“I’ll Sleep When I’m Dead”
If you’re taking a prescription sleep aid, that might happen sooner than you think.
Dear Living Well Daily Reader,
The results are in!
Thank you to all who took our sleep survey. We now have a much better idea of what types of sleep problems you’re experiencing and how to help you get the best sleep you can.
One thing we noticed is that many of you have been so desperate for sleep that you’ve resorted to OTC or prescription sleep meds. A lot of you, in fact. I too have been so desperate for sleep that I’ve used sleep medications. Having suffered from insomnia for the past four years, I know exactly how you feel.
Many of you noted that you’d rather not use these meds and are wary of potential long-term effects of them.
And you have a right to be concerned.
A lot of things happen when you sleep, and one important thing is that your brain clears away beta-amyloid proteins. These proteins have been linked to Alzheimer’s disease.
So you definitely want to make sure you get enough sleep… but if you use a certain over-the-counter sleep medication, you could actually be raising your risk of dementia.
Researchers have found that diphenhydramine, the active ingredient in Benadryl, Unisom, Unisom SleepGels, ZzzQuil, Sominex, Tylenol PM, and more, has been linked to a higher risk of developing dementia and Alzheimer’s in older adults. (And the acetaminophen in Tylenol PM carries its own slew of risks, which I point out in this article.)
The study authors tracked almost 3,500 adults over the age of 65 who had no dementia symptoms at the start of the seven-year study. They added up the average daily doses of certain medicines and then determined which ones correlated with the number of participants that developed dementia by the end of the study. (1)
According to lead study author Professor Shelly Gray of the University of Washington School of Pharmacy in Seattle, “The dose of diphenhydramine that would correspond to the highest-risk group is taking the equivalent of 50 mg each day for longer than three years — or 25 mg per day for longer than six years in duration.”
A single tab of Benadryl is 25mg, with the dose being one-two tabs. As many of you commented, your insomnia has been a chronic condition. If you’re using a diphenhydramine sleep aid, you could be setting yourself up for major brain decline as you age.
Exactly the opposite of what restful, refreshing sleep is supposed to do.
And if you’re taking a prescription sleep aid, there’s even more cause for concern.
A study out of the University of California, San Diego found that hypnotic sleep aids such as Ambien and Restoril “could be as risky as smoking cigarettes” in regard to increasing your risk of death or cancer. (2)
The study authors compared the medical records of 10,529 people who had been prescribed hypnotic sleep aids against the records of 23,676 matched patients who were never prescribed sleep aids.
They found that those who used the largest number of sleep aids had a 5.3-fold higher death risk compared with nonusers. They also had a 35% higher risk of cancer.
The researchers estimated that sleeping pills are linked to up to a staggering 507,000 deaths each year.
It’s prudent to point out that prospective studies such as these cannot determine that sleep aids directly caused the dementia or death. Also, study critics point out that people who use sleep aids long term may be less healthy to begin with, which could contribute to increased risk.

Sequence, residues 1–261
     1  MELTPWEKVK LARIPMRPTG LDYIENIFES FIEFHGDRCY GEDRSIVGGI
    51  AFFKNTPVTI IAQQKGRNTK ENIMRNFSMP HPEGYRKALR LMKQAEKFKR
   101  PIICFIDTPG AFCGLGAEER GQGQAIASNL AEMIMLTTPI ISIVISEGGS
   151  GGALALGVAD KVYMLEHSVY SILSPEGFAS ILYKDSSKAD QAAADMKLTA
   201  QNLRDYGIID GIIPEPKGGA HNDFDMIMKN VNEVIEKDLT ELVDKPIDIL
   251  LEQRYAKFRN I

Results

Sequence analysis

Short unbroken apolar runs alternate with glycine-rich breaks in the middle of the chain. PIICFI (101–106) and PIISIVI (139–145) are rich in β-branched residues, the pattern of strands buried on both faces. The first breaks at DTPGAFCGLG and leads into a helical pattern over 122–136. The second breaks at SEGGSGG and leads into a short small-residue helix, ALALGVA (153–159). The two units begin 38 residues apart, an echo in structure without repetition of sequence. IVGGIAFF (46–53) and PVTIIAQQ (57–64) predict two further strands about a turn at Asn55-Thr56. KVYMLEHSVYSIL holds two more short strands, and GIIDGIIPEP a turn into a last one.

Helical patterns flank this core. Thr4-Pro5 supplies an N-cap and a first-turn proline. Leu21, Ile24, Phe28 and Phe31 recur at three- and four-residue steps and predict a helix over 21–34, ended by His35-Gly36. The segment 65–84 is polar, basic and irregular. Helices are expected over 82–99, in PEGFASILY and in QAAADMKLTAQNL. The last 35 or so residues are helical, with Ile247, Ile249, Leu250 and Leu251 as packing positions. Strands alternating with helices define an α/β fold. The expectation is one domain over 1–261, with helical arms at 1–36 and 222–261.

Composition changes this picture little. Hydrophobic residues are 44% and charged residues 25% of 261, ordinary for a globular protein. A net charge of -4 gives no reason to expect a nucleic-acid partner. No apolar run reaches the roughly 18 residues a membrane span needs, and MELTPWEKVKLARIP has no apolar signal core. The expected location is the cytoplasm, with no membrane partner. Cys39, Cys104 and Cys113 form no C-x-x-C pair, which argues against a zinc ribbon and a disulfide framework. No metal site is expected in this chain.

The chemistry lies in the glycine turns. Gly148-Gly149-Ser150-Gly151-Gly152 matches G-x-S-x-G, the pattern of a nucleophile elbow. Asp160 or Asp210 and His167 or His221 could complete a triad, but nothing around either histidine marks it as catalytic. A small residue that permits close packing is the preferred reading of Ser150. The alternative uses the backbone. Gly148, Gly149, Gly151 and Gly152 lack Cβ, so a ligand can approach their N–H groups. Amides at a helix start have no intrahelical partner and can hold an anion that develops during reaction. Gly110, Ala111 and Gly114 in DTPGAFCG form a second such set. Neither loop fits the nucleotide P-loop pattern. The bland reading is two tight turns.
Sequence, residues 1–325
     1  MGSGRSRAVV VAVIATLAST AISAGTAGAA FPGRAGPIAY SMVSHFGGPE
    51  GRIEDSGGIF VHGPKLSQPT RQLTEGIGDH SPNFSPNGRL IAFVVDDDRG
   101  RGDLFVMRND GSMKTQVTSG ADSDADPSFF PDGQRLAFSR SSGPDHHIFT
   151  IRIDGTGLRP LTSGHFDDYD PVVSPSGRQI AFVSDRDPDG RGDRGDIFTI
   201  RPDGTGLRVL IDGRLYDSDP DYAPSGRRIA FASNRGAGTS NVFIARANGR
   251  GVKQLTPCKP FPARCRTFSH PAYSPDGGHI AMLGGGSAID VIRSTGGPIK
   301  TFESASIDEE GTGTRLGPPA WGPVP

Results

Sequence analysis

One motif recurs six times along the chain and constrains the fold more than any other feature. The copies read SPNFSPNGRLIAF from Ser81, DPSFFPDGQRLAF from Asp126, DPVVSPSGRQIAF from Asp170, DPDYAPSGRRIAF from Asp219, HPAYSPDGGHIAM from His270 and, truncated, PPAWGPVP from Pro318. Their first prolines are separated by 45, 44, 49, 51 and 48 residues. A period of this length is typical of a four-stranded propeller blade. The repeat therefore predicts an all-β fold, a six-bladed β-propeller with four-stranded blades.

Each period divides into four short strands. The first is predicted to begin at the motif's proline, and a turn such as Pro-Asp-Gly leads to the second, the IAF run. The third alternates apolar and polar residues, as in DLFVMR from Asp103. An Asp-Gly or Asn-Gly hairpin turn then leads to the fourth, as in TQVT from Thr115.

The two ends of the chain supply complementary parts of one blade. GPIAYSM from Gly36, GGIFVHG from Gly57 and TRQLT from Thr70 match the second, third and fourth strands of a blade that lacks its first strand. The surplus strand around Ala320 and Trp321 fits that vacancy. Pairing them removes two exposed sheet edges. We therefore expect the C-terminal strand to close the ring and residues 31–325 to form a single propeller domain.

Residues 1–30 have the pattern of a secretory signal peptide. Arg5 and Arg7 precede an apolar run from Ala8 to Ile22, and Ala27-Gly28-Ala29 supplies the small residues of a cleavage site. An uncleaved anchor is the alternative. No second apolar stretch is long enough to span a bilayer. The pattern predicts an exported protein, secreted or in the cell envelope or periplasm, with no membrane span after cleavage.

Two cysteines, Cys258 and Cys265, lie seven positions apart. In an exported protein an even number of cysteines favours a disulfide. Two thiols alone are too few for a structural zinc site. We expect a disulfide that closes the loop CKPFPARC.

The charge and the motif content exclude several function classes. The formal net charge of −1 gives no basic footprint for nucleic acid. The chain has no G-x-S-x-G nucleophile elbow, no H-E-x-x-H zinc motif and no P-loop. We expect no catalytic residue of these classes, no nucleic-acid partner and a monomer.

Regardless, there are very real known risks with sleep aid drugs.
They can cause you to sleepwalk, sleep-eat, or even have sex while sleeping. And there have been cases of sleep-driving as well.
Benzodiazepines aren’t off the hook, either. They’ve been linked to a higher risk of cognitive decline, long-term memory storage, and injurious falls in the elderly. (3)
Also, they may not be helping you sleep as much as you think. One study found that people taking “benzos” overestimated the amount of sleep they were getting by about 72 minutes compared with what the EEG recordings showed. Then when the benzos were withdrawn, the study participants thought they were getting about an hour less sleep compared with what they were actually getting, indicating a psychological dependence.
Pharmacological sleep aids are best avoided if possible. But if you do need them, they are only meant to be used short term. (Though in the study from UC, even as few as 18 doses per year increased the mortality risk.) Long-term use carries the most risks.
And if you’re a woman, it’s important to know that you are taking the lowest dose possible. Women metabolize sleep medications slower than men, and the FDA recommends women take half the dose.
All types of sleeping pills can be addictive and habit-forming, as well. And all sleep aids carry the risk of a psychological dependence if you convince yourself you can’t sleep without them. And if you do decide to quit them, you can experience rebound insomnia that’s even worse than the sleep trouble you had to begin with. (4)
If you are experiencing sleeplessness, it’s always best to try natural options first. Good sleep hygiene is a must. Stick to an established bedtime routine. Stop looking at screens at least an hour before bed. Make your room dark and cool.
And keep an eye on your inbox, because we’re not done with sleep yet. We’ve been working on something special to help you fall asleep easily and stay asleep. Stay tuned!
To sleeping well,
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